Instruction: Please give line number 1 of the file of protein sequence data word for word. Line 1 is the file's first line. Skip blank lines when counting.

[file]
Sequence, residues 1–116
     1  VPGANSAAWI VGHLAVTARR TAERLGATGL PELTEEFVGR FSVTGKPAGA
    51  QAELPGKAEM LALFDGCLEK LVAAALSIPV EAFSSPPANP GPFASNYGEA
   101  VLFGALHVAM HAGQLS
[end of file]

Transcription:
Sequence, residues 1–116